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Goodbye to the Golden Age of Hollywood

September 29, 2008

It wouldn’t be fitting not to pay tribute to one of Hollywood’s greats and an ‘adrenaline junkie’ himself – Paul Newman.

He was the all-time action hero who for decades has personified cool, lived the same daredevil, risk-taking life off screen that he enacted on screen and had the enigmatic quality that gives a leading man star quality.

He will be remembered for his many movies: The Hustler, Sweet Bird of Youth, Cool Hand Luke and the most famous buddy film in history, Butch Cassidy and the Sundance Kid. He also acted in Cat on a Hot Tin Roof with Elizabeth Taylor, Hud, Nobody’s Fool, The Verdict, The Colour of Money, A Long hot Summer with Joanna Woodward, The Sting … to name but a few.

Paul Newman and Joanna Woodward

It’s not easy for screen mega-stars to grow old gracefully and stay on top at the same time, but Paul Newman recognised the passage of time and chose his roles carefully. Thus he’s the only ‘pretty-boy’ screen-god to have retained the absolute respect of critics and public alike.

Thanks to gazzella59 for this wonderful picture portfolio.

He retired form acting on 25 May, 2007. He told a US broadcaster at ABC that he couldn’t continue acting at the level he wanted to. “You start to lose your memory, you start to lose your confidence, you start to lose your invention. So I think that’s pretty much a closed book for me.”

The mesmeric appeal of his sapphire eyes were a source of frustration to him. He once famously said, “To work as hard as I have, to accomplish what I have accomplished, and than have some yo-yo come up to you and bark: ‘Take off those dark glasses and let’s have a look at those blue eyes’… it’s really discouraging.”

He loved making movies, but perhaps he loved motor racing even more. “Nothing can take its place,” he said recently. “To enjoy the sensation of driving and racing, and to be able to see the effect of it in your mirrors, that extra 10 feet you built up coming out of a particular corner. You know, that’s the kick in the ass. That, my friend, is living.” As late as last year, he was still careering around the racetrack at 180mph.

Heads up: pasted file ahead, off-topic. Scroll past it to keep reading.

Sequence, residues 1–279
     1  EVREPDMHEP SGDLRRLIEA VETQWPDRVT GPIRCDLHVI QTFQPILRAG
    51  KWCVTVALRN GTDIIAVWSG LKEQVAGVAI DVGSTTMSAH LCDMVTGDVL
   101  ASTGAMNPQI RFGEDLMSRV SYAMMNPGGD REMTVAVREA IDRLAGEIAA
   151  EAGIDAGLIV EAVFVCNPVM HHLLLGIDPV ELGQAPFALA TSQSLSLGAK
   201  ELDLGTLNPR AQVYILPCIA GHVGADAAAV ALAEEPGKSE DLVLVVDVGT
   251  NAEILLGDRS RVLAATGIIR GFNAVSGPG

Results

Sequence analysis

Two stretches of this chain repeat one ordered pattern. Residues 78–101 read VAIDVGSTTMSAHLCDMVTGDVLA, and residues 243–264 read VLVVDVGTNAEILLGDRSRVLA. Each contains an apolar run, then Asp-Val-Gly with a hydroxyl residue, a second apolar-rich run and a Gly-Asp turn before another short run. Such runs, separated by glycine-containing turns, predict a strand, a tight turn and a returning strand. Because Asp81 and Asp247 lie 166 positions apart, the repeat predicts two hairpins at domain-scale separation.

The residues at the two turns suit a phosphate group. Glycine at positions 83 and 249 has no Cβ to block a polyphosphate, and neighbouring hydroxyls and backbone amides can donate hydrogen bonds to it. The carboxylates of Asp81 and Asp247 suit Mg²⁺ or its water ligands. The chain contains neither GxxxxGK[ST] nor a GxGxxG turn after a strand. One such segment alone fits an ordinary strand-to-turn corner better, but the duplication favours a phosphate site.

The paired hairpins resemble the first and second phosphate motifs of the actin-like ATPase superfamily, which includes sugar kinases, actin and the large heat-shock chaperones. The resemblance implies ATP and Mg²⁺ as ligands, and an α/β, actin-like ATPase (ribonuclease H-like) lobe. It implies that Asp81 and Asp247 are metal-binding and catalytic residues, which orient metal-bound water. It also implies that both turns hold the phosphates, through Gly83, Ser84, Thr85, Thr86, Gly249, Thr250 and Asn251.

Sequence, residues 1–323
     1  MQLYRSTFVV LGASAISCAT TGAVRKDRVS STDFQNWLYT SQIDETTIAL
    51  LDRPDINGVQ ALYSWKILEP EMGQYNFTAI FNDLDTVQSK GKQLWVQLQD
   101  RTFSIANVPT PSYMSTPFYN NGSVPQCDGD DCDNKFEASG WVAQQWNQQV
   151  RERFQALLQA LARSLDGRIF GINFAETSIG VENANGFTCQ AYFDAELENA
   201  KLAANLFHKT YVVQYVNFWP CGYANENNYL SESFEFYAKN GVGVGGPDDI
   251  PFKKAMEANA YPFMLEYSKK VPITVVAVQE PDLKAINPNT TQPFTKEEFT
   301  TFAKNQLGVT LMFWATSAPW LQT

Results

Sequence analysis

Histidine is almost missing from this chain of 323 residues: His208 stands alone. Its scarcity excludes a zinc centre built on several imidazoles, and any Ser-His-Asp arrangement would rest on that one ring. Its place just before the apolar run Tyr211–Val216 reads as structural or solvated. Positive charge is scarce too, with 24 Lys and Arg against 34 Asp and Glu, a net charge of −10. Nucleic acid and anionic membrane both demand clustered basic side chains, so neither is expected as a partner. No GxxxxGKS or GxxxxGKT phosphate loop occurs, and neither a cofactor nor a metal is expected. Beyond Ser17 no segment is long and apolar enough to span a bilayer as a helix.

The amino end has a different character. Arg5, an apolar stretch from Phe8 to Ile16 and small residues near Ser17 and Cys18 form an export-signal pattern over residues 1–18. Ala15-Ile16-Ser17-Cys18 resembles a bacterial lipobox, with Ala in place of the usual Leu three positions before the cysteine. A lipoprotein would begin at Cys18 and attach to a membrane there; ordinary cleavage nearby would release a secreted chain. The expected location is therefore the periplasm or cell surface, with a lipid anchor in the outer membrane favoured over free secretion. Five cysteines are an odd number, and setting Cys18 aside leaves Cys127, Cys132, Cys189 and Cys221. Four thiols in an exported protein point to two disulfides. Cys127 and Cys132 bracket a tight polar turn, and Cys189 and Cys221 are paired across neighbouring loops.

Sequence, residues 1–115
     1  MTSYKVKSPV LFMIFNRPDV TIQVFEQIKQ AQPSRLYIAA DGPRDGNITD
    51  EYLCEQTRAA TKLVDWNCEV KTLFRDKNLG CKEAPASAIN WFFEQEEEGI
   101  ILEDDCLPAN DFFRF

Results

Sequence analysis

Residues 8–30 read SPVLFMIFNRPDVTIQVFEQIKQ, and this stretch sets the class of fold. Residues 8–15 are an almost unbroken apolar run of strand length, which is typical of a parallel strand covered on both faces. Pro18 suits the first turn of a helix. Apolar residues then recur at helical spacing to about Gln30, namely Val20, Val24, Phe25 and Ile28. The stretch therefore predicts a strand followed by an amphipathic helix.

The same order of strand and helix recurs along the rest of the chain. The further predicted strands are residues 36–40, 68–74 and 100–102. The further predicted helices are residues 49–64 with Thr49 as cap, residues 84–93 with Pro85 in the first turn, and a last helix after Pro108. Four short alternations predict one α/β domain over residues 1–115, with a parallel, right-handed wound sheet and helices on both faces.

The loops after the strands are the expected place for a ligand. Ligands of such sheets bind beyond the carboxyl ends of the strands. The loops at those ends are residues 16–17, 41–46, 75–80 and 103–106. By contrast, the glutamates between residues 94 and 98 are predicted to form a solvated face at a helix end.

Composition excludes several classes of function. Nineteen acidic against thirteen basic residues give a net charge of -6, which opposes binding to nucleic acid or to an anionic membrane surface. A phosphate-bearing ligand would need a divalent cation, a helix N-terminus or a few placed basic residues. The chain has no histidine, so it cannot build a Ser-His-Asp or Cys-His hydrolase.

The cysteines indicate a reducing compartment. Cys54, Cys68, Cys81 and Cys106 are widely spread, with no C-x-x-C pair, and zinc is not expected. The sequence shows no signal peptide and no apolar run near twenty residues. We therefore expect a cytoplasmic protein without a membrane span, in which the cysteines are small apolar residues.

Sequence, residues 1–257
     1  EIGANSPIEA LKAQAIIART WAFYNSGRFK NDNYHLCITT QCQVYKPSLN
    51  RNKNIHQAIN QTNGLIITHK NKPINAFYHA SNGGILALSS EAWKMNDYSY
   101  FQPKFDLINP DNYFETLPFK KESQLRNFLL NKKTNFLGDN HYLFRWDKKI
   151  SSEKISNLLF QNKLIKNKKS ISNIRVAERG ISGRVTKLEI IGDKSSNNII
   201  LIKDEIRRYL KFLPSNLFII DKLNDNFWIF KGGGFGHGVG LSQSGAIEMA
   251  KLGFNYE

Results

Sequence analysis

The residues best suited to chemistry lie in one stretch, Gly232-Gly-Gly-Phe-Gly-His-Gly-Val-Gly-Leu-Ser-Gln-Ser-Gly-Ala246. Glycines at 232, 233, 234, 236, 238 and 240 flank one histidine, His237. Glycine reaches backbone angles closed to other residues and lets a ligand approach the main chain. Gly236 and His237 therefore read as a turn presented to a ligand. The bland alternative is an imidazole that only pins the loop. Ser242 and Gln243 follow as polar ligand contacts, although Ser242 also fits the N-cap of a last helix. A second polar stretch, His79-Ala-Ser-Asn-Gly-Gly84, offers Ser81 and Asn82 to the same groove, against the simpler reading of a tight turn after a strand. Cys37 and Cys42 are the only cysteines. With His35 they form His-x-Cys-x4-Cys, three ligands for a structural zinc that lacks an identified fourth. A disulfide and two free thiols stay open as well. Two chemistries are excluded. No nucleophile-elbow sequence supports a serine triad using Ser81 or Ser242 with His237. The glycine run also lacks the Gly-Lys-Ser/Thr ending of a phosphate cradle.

And he was deeply committed to his charity work. He co-founded Newman’s Own, the food company from which he donated all post-tax profits and royalties to charity. As of May 2007, these donations had exceeded US$220 million. When asked why he gave so much to charity his response was , “you can only have so many suits in a closet.”

I have read many of the tributes to him, but this one sums him up I think:

“Though he was, in my opinion, the single most beautiful man to ever grace the silver screen, he was much, much more than a pretty face. Long before the likes of Brad Pitt and Johnny Depp he broke free of the shackles of being a matinee idol to take on edgy, interesting roles, Newman was flexing his acting muscles and subverting his own image in excellent films like The Verdict. His last on-screen film performance in 2002’s Road To Perdition was an excellent and poignant end to an astonishing career, while his appearance in the Coen Brothers’ underrated The Hudsucker Proxy is a reminder that he was also a great, though under-used, comic actor. He will be sorely missed.”

and this one:

“Weep not for Paul Newman but celebrate his life, both in films and in the lavish generosity of his charity work. A truly remarkable man who positively influenced all the lives he touched either through his films, through his motor racing or his charities. He will always be remembered and for all the right reasons.”

He died on 26th September, 2008, aged 83, surrounded by his family and close friends. Our deepest condolences go to his wife of 50 years, Joanna Woodward, and his family.

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One comment

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